Winning government contracts is a process. Your first assignment was to research who in the government purchased your product or service. The next step is to analyze this data to answer three questions.
- How do they buy what you sell?
- Who do they buy it from?
- Is it a repetitive buy? And if so – when are they likely to buy it again?
The answer to the how question tells you the contracting method and whether any type of small business set-aside was used. First the small business set aside answer. In many cases, once a requirement is placed into a set-aside program, it typically remains in that program. Your path to winning a government contract must be based on a strategy that leverages this fact to your advantage.
The contract method is a little more involved but just as important in developing your strategy to win government contracts. It reveals whether any type of special contract is needed in order to submit a competing bid or proposal. Many companies limit their search for RFPs and RFQs to bid on to sam.gov to find RFPs and RFQs. This could be a mistake.
For example, if the majority of the contracts issued to buy your product and service were made from a GSA Schedule you need a strategy to sell using the GSA Schedule. Why? Because if you don’t have a GSA Schedule there is no way for you to submit proposals or quotes to win a government contract. In fact, you won’t even see these requirements until after they are awarded. The GSA schedule is not the only such contract vehicle that the government uses to award government contracts faster and easier. Any strategy that does not take this historical data into consideration is reactive and much less likely to produce government contract awards.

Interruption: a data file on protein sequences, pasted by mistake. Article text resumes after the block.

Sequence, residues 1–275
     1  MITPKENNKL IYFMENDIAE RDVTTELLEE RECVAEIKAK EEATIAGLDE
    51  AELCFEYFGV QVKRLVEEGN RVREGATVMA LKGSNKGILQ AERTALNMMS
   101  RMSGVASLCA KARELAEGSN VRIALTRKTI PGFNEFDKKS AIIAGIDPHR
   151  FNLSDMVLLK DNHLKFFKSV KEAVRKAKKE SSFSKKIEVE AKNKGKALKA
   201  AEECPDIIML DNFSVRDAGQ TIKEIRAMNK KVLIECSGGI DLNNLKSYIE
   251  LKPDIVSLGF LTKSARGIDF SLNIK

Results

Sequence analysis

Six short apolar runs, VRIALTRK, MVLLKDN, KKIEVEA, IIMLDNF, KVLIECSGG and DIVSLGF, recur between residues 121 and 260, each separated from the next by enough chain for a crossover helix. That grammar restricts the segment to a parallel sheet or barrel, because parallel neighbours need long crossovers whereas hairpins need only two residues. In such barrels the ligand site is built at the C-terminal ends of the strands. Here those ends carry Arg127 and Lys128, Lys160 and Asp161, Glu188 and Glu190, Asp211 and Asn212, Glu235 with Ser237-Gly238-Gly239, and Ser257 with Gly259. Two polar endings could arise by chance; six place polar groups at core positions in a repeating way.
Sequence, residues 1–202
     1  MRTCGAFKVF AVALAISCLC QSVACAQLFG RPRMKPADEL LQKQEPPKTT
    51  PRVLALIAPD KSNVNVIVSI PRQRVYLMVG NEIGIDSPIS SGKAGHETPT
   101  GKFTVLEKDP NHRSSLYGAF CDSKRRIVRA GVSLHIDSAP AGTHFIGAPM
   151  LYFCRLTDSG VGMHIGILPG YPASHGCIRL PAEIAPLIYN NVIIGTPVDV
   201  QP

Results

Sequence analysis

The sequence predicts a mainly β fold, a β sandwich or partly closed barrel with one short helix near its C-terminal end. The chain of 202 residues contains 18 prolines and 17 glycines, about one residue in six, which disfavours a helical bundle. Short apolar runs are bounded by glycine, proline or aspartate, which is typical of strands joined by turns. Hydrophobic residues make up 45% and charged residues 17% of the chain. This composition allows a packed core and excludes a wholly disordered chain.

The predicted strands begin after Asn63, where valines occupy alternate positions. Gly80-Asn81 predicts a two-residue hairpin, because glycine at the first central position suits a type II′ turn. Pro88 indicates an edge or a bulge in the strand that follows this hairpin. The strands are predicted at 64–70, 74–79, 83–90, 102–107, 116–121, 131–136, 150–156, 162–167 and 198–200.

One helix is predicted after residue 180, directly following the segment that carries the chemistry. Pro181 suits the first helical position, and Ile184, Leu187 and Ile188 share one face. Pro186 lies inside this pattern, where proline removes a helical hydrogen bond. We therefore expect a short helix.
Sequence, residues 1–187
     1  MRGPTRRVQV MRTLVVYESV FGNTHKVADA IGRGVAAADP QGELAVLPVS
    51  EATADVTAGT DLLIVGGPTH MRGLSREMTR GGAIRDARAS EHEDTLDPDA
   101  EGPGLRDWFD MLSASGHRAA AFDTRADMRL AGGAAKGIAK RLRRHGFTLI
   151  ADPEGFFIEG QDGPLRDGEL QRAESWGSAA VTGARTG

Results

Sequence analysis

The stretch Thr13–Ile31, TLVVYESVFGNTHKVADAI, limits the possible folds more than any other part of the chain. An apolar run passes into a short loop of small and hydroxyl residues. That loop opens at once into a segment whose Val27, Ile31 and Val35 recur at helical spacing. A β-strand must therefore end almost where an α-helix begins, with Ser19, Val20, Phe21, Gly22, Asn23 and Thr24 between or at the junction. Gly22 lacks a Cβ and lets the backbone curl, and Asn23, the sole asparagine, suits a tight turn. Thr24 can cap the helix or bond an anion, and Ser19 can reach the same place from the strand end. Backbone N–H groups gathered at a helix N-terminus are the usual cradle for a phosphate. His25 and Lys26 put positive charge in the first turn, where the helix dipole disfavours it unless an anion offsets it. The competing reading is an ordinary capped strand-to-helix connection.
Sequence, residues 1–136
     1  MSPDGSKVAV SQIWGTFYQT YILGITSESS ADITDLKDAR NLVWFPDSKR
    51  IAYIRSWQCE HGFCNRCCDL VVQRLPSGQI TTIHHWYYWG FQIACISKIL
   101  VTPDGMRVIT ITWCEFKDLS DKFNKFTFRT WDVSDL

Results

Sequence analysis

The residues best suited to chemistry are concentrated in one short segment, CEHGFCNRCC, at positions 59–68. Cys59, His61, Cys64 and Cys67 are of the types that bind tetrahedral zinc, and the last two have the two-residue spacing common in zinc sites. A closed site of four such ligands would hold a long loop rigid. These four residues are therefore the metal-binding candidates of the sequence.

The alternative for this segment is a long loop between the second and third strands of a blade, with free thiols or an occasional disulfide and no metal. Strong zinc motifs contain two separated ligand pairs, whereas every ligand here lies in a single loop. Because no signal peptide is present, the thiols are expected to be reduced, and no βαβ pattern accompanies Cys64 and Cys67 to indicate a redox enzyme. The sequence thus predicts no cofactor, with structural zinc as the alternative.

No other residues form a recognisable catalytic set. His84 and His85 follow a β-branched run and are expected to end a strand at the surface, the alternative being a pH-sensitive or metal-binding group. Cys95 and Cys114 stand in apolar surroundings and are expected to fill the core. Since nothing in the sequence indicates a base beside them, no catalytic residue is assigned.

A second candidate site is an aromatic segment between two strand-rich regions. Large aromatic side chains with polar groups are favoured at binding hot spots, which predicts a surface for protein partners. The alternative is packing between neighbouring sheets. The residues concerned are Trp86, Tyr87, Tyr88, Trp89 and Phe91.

The answer to the who they buy it from question tells you who your competitors are. Study this list carefully and ask yourself what you know about these companies. If you are like many of my clients, once you have the hard data in front of you, you begin to realize you really DON’T know who your competitors are. This puts you at a disadvantage.
The final analysis of timelines reveals when the government is likely to buy your product or services NEXT. This information, along with an understanding of the stages in the buying process tells you WHEN to schedule each of your outreach and marketing activities.
All of this puts you ahead of the game you must play to win government contracts. As a result, you only compete for the opportunities where you enough information to develop a strategy that produces more government contracts wins.